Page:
When a dog speaks, it always does it in the same way. Whether it is speaking to fellow dogs or to its owner, the dog’s language is always the same and never changes.
In this article, we will look at the 6 ways dogs communicate with us with their voice.
Barking is specific to domesticated dogs. It is rather rare for wild dogs to bark. The domesticated dog, which was created to resemble humans, is learning to use its voice to communicate. Certain vocal modulations are developing in dogs and vary depending on the breed.
Here are different reasons why dogs bark:
- Warn of a potential threat
- Invite the owner to play
- Ask to go out to do its business
- Ask for water or food
- Notify a stranger of its presence
- Other meaning (a baby crying, the phone ringing, etc.)
Each bark is precise and can take on a different tone depending on the reason for barking. Like a parent learning to understand a baby’s sounds, an owner learns to recognize the different tones used by the dog. The owner learns to understand its mode of communication.
Contrary to popular belief, a dog welcoming a visitor by barking is not generally a threat. Actually, it is the opposite. If the dog runs straight at a stranger instead of making its presence known by barking, it may be a watchdog that does not tolerate any intrusion on its territory. Rather, a dog barking at the arrival of a stranger is likely asking for permission to be caressed or given attention.
Equivalent to a very precise call for help, yelping is often used by puppies feeling threatened. Adult dogs can also yelp when in grave danger or suffering intense pain.
General translation: “Help!”
In the case of numerous breeds, including sled dog breeds like the Husky, whining may sound like an endless speech. Whining may be done to signify many things. It suffices to visit a kennel or animal shelter to hear plenty of whining.
Dogs that whine the most are usually dogs that bark the least. This sound is generally used by the dog to express its disagreement regarding an action made by the owner or responsible person.
General translation: “Take care of me!”, “Take me out of here!”.
Howling is a social activity for the dog. It may be used to lead the owner in a direction, to warn others not to come on its territory, to indicate it is lonely or to react to a stimulus (such as a fire engine siren). It is an ancient heritage from wolves. For wolves, howling is an essential means of communication and is learned at a very young age.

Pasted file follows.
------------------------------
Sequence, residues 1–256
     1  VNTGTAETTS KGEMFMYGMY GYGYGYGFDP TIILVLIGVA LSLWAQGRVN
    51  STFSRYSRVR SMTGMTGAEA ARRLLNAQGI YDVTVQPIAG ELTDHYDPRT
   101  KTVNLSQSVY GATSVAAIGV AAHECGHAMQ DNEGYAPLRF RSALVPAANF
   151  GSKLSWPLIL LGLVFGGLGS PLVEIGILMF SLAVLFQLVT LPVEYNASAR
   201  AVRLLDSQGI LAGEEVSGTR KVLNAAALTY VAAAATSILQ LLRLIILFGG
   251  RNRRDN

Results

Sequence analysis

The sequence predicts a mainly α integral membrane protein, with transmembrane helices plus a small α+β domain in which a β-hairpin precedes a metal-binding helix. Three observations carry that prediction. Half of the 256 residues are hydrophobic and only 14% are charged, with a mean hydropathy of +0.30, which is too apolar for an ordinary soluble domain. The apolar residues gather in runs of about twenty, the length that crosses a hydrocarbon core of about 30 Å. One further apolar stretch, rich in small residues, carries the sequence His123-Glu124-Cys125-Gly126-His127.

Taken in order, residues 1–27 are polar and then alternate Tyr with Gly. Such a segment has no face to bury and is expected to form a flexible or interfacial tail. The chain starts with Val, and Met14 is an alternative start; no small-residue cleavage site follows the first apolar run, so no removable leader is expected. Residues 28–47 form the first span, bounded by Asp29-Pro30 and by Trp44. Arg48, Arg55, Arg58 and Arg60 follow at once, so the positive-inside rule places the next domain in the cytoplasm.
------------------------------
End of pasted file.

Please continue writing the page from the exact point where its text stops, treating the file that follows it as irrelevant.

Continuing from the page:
Because dogs cannot distinguish between certain sounds, it may howl in response to what it perceives as a howling sound such as the chiming of a bell, a siren or a musical note.
Not knowing how to interpret these sounds, howling is done as a social convention. Since the domesticated dog is part of the family pack, howling is done to respond to the call of the pack.
It is also quite common to see your dog howling when he hears music.
General translation: “Hey! I’m here!”
Sounding like a sneeze, it is actually a bark made with a closed muzzle and is meant as a warning because a dog cannot sneeze. The dog is on the alert because it suspects something unusual is occurring.
General translation: “I don’t exactly know what is happening but something is happening!”
This sound is often made to signify discontent or to ask for something. It is a kind of choked growling noise that is made repeatedly and sounds like the animals in the 60s cartoon “The Hillbilly Bears”.
It is a rather comical means of communication used by the dog to express its disagreement such as when it must go to bed. It is not uncommon for the dog to continue its moaning after the command has been executed. It can look like a teenager responding to his or her parents when it does not agree with a house rule even though the teenager complies.
The dog executes a command from the owner but continues to moan to clearly demonstrate that it does not agree. Moaning often leads to funny situations. It may look like negotiations are taking place when the owner asks for silence while the dog continues to moan.
General translation: “I don’t want to go to bed but I’m doing it anyway but I want you to know that I’m upset about this”.
Understanding the dog is essential to develop a harmonious relationship. Sometimes humans say certain things but their body language conveys a different message. For dogs, words are not very useful. It is the dog’s voice that will convey a message to the owner.
However, it is often easy to understand a dog’s state of mind before a single sound is made. As is the case for humans, the body does not lie. A dog can bark, whine or growl to try to communicate a message but the body often speaks first.